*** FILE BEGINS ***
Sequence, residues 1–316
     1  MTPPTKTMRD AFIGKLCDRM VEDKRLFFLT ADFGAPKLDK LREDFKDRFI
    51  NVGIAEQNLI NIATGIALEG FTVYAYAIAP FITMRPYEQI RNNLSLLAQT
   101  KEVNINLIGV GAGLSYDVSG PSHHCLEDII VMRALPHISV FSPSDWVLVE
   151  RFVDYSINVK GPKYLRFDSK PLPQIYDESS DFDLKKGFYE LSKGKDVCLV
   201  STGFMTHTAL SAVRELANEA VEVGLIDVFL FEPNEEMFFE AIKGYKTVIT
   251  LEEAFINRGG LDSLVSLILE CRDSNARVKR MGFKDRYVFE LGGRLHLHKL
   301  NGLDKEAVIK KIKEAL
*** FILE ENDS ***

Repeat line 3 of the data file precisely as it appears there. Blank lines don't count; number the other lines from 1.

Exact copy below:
    51  NVGIAEQNLI NIATGIALEG FTVYAYAIAP FITMRPYEQI RNNLSLLAQT